The Lake House is the perfect fall/winter book for me. I had been saving it for a treat during a chilly day and cracked it open during a recent holiday. I was happily ensconced with it at my couch, underneath a blanket for the next 3 ½ hours, savoring every delicious word. (This is my idea of heaven, BTW. This, along with a mug of thick hot chocolate and a plate of cookies.)
In The Lake House, we have the adventurous and imaginative Alice, a budding young writer scribbling all sorts of stories while at her family’s lake house in Cornwall, Loenneth. Alice’s mother, Eleanor, was so enchanting as a child that she was inspiration for a classic children’s book written by a family friend, the Lewis Carroll-like Mr. Llewellyn. When she grows into a young woman, Eleanor falls in love with Anthony Edevane under such romantic circumstances that their love story becomes the stuff of legend.
Thus, the Edevanes live a fabled life, with magical summers that culminate in an annual party. Thus, it would seem that the Edevanes are charmed, until Alice’s little brother goes missing the night of their grand party and is never found again.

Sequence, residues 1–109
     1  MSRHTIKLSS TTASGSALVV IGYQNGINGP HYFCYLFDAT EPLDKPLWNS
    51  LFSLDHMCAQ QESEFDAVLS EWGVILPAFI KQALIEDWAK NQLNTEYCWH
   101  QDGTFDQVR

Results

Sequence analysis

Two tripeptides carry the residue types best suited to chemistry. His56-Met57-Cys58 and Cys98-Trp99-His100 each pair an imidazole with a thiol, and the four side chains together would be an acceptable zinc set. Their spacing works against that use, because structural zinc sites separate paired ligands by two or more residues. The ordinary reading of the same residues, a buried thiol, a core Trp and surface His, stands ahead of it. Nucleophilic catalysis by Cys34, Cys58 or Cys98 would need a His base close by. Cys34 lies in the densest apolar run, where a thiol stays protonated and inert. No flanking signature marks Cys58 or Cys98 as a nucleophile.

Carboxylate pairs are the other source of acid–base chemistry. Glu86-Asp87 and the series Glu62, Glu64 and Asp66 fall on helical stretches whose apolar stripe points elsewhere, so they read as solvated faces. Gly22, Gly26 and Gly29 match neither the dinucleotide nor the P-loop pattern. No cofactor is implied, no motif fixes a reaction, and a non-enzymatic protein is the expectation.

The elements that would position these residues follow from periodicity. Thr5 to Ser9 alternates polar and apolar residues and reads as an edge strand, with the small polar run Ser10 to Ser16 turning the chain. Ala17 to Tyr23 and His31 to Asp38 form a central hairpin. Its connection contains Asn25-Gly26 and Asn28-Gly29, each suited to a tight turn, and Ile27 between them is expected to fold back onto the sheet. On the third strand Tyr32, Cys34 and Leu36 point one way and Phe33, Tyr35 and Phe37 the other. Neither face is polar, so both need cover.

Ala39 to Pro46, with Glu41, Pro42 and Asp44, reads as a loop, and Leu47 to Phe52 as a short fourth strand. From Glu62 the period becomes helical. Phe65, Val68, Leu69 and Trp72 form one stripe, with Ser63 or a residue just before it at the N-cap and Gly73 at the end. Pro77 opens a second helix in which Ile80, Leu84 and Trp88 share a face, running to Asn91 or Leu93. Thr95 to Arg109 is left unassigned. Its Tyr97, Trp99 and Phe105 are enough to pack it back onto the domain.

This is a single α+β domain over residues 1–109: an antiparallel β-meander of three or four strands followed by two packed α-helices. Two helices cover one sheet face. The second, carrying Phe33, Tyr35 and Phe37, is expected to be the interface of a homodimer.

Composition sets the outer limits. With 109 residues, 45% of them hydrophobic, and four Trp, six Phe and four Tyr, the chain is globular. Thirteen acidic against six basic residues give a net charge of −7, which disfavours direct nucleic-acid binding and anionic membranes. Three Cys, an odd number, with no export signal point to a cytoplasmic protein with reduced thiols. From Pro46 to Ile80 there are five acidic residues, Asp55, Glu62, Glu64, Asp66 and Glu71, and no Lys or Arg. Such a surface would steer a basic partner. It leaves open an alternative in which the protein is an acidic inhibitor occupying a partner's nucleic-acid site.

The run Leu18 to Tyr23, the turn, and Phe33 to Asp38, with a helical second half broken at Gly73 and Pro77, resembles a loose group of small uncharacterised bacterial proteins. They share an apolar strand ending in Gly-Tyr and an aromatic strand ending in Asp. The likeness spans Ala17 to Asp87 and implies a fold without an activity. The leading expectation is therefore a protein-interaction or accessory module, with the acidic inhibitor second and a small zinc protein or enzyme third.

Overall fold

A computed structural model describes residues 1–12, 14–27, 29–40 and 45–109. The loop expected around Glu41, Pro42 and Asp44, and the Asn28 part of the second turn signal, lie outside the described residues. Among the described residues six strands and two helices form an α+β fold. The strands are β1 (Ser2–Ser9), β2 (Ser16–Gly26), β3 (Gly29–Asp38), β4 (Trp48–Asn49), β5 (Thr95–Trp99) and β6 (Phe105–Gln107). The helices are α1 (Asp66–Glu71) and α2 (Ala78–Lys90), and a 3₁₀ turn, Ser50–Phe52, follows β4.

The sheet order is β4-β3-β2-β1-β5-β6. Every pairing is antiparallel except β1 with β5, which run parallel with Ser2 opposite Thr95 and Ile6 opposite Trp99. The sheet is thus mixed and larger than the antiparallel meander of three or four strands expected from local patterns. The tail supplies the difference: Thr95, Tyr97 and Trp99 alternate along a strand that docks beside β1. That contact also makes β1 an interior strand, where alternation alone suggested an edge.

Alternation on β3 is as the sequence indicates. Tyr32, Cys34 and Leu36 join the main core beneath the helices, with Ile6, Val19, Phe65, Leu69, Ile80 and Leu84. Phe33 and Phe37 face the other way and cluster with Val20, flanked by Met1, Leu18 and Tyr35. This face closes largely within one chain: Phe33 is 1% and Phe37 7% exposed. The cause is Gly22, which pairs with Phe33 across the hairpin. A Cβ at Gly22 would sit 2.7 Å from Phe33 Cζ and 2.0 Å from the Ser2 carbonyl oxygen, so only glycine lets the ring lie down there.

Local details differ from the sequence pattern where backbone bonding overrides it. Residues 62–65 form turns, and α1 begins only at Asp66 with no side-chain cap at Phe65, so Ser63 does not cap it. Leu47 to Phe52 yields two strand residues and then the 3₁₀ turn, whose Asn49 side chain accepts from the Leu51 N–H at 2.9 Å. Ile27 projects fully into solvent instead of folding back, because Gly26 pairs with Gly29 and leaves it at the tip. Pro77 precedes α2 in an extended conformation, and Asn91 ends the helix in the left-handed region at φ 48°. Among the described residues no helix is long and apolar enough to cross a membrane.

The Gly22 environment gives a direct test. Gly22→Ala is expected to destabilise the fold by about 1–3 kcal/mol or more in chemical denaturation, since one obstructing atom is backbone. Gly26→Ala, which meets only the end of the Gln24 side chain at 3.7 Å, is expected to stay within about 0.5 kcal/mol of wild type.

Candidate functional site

Many years later, Loenneth has fallen into disrepair for the Edevane family has never returned to summer there since Theo’s disappearance. Alice Edevane is now an imperious but bestselling author of crime novels. Her carefully erected façade starts to crack when a detective on forced leave decides to resurrect Theo’s cold case and starts doing off-duty investigation. Alice is hiding some secrets about that fateful Midsummer night so long ago … could they be the key to solving what happened to Theo?
The Lake House has everything that makes me such a devoted Kate Morton fan. First, there’s the wild and beautiful setting of Cornwall. As always, Morton’s descriptions are so vivid, I can see, feel and hear every detail. Then there are the characters, which are rendered with such specificity that they live and breathe, from an elderly woman in her 90s to an 11-month-old baby. But tantamount to all is Story. There is never any doubt when cracking open Morton's books that I will be seduced from the first page. As I do every time, my mind races with possibilities of what or whodunit. Events are seen from one perspective then another, and their significance is altered. Just when I think I know what happened, Morton surprises me yet again.
In The Lake House, Morton masterfully weaves a haunting and captivating tale.